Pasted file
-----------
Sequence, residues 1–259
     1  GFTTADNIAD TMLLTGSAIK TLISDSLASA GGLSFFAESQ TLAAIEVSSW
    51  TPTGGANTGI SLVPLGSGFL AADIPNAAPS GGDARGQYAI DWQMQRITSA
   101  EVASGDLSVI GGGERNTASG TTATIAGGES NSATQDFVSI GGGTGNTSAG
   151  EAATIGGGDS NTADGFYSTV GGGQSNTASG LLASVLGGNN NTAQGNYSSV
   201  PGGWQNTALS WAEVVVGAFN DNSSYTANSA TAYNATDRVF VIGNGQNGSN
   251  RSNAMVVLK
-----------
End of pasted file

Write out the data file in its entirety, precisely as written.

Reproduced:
Sequence, residues 1–259
     1  GFTTADNIAD TMLLTGSAIK TLISDSLASA GGLSFFAESQ TLAAIEVSSW
    51  TPTGGANTGI SLVPLGSGFL AADIPNAAPS GGDARGQYAI DWQMQRITSA
   101  EVASGDLSVI GGGERNTASG TTATIAGGES NSATQDFVSI GGGTGNTSAG
   151  EAATIGGGDS NTADGFYSTV GGGQSNTASG LLASVLGGNN NTAQGNYSSV
   201  PGGWQNTALS WAEVVVGAFN DNSSYTANSA TAYNATDRVF VIGNGQNGSN
   251  RSNAMVVLK